A runner for Life: Soroco athletes sign to run in college
Skyler Clark will be a runner for Life. Obviously, it’s unknown if she’ll run for the rest of her life, but it’s official that she’ll be competing for Life University in Georgia next year.
Clark, a cross country and track athlete for Soroco High School, signed to compete in both sports for the National Association of Intercollegiate Athletics school. She expects to compete in the 800, mile and two-mile races in track as well as the half-marathon and marathon.
Clark was inspired by Chloe Veilleux, who went to Union University to run after graduating from Soroco. Veilleux was a role model for Clark.
It’s been Clark’s goal to run the Chicago Marathon, but with injuries and the pandemic, she hasn’t been able to. She hopes to soon fulfill the goal, which she set on a whim while in the hospital.
“It all goes back to my first knee surgery,” said Clark, who had surgery to repair a torn meniscus more than two years ago. “I was laying in bed before I went under. I looked at (the doctor) and said ’You need to make my knee better so I can run the Chicago Marathon.’ Chicago Marathon came out of my mouth, and I kind of stuck with it I guess. My main goal is to run the Boston (marathon), and that is a qualifier.”
That injury changed Clark’s life in more ways than one. Not only did it give her a goal of running a marathon, but it also made her want to become a chiropractor. Clark chose Life not only for its athletic programs, but because it’s a chiropractic school where she can learn the ins and outs of her future career.
“Chiropractors really helped me avoid surgery as much as possible,” she said. “I just stuck with it and continued to watch my chiropractors at Thrival Mode and Lifted in Steamboat — (they) have really helped me get to the place I need to be with internships.”
Soroco senior Alex Colby will also be running cross country and track in college as he committed to Fort Lewis College in Durango. He’s happy to be attending college in a similar environment to the Yampa Valley so he can continue trail running, skiing and biking.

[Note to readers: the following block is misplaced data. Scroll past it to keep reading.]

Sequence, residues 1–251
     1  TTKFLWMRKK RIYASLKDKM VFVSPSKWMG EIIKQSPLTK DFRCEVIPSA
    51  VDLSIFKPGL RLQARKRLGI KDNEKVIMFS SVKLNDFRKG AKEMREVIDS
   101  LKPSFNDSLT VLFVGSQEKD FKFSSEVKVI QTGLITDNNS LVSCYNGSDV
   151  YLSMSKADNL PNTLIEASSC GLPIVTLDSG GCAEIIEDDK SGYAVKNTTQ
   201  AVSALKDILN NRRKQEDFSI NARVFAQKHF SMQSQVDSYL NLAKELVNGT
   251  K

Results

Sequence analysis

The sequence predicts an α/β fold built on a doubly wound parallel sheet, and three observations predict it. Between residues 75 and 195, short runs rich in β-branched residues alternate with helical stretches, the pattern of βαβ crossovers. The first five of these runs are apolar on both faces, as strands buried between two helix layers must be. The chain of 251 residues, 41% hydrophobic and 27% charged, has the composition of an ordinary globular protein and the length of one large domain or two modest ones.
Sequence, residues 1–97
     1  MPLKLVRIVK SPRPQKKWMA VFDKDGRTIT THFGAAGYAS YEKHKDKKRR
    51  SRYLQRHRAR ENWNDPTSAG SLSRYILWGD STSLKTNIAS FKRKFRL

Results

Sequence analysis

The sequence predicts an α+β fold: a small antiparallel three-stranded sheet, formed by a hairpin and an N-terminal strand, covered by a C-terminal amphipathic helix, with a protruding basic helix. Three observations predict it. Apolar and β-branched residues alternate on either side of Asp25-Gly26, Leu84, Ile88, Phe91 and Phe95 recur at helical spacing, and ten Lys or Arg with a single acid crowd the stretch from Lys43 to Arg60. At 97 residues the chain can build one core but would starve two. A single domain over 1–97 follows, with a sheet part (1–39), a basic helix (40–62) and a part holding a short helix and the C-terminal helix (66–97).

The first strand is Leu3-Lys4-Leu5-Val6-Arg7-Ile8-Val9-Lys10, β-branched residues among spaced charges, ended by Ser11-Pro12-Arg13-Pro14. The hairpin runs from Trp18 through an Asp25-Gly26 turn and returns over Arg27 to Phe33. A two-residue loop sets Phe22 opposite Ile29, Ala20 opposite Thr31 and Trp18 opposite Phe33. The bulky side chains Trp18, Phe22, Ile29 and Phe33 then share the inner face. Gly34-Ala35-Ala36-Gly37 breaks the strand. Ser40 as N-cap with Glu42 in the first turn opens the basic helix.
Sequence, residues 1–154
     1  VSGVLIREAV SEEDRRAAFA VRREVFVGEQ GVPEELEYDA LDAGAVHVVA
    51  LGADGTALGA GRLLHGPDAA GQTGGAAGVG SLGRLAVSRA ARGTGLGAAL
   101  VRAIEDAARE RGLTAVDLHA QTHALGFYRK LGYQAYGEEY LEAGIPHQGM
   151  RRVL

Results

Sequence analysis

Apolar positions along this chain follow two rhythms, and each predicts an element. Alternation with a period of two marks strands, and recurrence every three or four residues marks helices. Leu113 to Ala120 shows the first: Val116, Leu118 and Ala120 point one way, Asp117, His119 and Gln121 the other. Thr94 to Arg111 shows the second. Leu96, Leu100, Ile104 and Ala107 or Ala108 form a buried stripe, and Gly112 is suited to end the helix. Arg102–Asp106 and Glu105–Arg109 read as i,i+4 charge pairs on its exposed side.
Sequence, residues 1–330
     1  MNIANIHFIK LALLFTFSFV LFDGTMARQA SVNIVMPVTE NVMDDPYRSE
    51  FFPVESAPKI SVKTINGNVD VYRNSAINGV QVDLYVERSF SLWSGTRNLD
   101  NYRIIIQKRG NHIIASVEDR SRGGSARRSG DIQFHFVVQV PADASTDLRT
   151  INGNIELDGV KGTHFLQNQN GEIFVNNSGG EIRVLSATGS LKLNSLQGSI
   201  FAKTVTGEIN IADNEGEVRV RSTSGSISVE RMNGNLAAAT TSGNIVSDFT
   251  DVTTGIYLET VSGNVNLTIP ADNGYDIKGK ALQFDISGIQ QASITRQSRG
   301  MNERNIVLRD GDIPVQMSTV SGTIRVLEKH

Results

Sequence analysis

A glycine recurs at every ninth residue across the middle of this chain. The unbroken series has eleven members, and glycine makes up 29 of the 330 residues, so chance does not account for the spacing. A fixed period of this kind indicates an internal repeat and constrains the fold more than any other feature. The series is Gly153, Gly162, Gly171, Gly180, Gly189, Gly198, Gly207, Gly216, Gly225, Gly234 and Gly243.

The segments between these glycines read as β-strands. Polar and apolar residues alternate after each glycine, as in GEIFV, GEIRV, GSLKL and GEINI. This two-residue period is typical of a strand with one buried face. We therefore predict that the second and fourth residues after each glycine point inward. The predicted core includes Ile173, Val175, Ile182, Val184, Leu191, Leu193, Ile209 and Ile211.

Officially having four more years of competing has been a saving grace for Colby, who recently had surgery after suffering a knee injury this winter.
“If I did not have the other four years of running, it would feel like everything was just over because of this injury,” Colby said. “But this, it gives me something to still work towards and work towards getting healthy.”
Colby realized he wanted to run in college when he was a sophomore.
“That’s when I found my passion for the sport,” he said. “From then, I wanted to continue it for as long as I could.”
Colby ran cross country all four years of high school and ran track three years, including last year’s canceled season. This year, he’s accompanying the team as the manager so he can still be a part of the team, even if he can’t compete due to his injury.
The Ram runner chose Fort Lewis, a NCAA Division II school, after meeting the coaching staff and some of the team. He agreed with their philosophies and believed the coach can build him up into the runner he wants to be while studying exercise science.
“We’re very happy and very proud of him. It’s a great choice for him,” said Steve Colby, Alex’s father. “He’ll be able to continue a lot of his lifestyle down there in the mountains.”
“It’s been his dream to run with the team, so we’re really excited he could do that,” added Alex’s mother Jane Colby.
Shelby Reardon is the assistant editor at the Steamboat Pilot & Today. To reach her, call 970-871-4253, email sreardon@SteamboatPilot.com or follow her on Twitter @ByShelbyReardon.
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